Many parents ask us for guidance on what kind of school would be best for their child. The answers are as different as the students we see, but there are some basic principles that apply to all students and may be helpful for families thinking about schools.
The threshold question we always need to consider is what level of academic support does a particular student require. Some students will do well in a competitive academic environment and will need only to apply some basic strategies at home and at school to manage a complex curriculum. Other students will definitely need to be in a school that offers significant supports for students who learn differently. These students may need specialized reading programs, and a wide array of supportive services, and would be overwhelmed in a setting where other students are moving at a much faster pace. There are both public and private schools that serve both of these populations, although outside of the New York Metro region, it becomes harder to find private schools that support struggling learners.
The most challenging placement situation arises when a student needs more than minimal support but does not require the more restrictive setting of a specialized school. Some of these students may do best in a public school, where there can be sufficient supports for academic difficulties yet the student can be in a class with learners of all levels. Of course, that option is not always available in places where the public schools are underfunded or not responsive to student needs.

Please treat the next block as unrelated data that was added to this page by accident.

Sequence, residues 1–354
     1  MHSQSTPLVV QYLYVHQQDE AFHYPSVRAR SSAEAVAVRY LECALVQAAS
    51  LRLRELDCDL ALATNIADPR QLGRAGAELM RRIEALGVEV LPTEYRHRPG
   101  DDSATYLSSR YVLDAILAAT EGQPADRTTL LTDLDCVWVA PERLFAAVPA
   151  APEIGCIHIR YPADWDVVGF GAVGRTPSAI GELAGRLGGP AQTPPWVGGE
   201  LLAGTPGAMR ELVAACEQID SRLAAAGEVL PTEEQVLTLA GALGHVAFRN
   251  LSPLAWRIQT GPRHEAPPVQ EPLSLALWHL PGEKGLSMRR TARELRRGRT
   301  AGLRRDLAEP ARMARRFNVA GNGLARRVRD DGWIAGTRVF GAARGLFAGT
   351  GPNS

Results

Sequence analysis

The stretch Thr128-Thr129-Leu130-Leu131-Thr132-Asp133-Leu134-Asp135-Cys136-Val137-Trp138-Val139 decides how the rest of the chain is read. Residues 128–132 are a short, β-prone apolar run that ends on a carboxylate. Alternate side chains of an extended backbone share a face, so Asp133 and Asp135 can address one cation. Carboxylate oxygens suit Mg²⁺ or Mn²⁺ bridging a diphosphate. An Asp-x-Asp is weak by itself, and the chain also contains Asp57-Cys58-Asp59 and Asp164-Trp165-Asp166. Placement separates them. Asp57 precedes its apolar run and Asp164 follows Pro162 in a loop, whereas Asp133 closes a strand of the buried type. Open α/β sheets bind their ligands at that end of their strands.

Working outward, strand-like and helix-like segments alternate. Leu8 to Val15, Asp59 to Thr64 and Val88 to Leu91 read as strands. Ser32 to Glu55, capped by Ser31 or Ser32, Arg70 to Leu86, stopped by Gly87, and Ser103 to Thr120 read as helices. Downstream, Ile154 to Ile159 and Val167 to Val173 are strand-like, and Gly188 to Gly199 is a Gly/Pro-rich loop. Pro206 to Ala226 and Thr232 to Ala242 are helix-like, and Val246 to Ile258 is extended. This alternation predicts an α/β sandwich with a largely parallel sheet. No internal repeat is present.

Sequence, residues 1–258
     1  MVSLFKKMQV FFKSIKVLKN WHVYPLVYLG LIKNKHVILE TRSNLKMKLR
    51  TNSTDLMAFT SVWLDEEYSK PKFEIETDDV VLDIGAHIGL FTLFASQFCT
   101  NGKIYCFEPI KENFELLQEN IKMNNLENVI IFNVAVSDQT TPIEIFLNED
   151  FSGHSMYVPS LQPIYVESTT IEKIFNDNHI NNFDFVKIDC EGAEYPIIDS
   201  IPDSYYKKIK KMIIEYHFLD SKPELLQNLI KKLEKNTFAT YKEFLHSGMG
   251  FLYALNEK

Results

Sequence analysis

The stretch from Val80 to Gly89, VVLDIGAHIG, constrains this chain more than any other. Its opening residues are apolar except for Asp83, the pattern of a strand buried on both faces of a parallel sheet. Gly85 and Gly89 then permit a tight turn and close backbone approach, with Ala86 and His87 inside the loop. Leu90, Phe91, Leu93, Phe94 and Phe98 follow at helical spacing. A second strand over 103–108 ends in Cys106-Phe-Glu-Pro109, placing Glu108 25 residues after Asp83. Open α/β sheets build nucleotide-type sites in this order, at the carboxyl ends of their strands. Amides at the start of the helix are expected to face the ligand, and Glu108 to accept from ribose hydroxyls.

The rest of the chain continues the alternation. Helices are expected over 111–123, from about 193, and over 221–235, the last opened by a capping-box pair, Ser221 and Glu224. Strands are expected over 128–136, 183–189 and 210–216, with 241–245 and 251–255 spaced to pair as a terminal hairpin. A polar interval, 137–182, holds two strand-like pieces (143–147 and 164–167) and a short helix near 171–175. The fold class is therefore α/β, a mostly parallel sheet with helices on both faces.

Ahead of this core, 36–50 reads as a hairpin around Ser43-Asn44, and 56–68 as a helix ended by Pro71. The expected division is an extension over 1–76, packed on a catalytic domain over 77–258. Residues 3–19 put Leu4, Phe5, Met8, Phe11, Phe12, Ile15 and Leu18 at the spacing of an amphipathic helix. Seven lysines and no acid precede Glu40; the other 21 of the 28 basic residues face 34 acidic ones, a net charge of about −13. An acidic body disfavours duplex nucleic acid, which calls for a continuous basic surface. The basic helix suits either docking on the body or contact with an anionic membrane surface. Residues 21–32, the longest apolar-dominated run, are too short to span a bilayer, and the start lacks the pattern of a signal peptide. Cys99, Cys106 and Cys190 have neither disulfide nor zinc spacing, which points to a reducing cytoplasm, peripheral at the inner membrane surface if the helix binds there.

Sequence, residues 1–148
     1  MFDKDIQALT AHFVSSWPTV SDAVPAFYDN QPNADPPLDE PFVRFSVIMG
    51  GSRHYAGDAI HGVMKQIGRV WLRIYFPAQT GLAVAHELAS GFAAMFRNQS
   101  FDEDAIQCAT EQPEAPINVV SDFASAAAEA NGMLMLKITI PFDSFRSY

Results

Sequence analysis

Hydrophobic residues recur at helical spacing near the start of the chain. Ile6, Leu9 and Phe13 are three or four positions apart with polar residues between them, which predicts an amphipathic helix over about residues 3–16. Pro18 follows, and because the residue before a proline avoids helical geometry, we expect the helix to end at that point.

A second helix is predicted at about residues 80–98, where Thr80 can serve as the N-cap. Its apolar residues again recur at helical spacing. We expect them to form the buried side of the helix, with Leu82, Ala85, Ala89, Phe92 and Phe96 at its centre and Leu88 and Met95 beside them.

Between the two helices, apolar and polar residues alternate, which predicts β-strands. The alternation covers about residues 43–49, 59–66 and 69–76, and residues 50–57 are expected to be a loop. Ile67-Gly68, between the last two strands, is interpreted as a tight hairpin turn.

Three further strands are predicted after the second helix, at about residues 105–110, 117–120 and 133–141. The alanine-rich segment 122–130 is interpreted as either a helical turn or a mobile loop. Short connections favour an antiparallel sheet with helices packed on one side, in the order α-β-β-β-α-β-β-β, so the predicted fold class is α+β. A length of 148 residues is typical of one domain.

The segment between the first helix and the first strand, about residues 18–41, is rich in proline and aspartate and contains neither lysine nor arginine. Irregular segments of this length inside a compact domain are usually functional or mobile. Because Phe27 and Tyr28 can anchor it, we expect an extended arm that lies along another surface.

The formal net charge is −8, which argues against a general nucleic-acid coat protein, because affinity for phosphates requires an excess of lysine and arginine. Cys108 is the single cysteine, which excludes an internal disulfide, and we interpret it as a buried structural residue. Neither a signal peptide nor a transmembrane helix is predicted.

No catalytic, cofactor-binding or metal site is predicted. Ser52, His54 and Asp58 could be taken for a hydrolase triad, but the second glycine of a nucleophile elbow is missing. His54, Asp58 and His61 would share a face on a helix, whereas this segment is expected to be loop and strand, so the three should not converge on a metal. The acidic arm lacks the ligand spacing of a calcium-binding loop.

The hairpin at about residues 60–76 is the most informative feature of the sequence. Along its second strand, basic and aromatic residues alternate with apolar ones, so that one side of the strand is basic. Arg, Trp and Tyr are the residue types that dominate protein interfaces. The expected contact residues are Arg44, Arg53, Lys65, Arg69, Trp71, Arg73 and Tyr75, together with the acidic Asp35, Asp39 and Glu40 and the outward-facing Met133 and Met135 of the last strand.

One thing we urge parents to consider is to make sure your child's school deals with all of his needs, including those outside the academic realm. If your son loves to swim, he will be happier in a school with a pool and a swim team, where he can excel outside the classroom. If your daughter loves to act, she will be able to be a star outside the classroom --even if she struggles with her schoolwork -- but only if her school has an active theatre program.
Parents tell us that the most helpful step they took in deciding where to enroll their child was to visit several schools. Nothing takes the place of seeing a school and getting a "gut" feeling as to whether your child will be a good match for what it has to offer.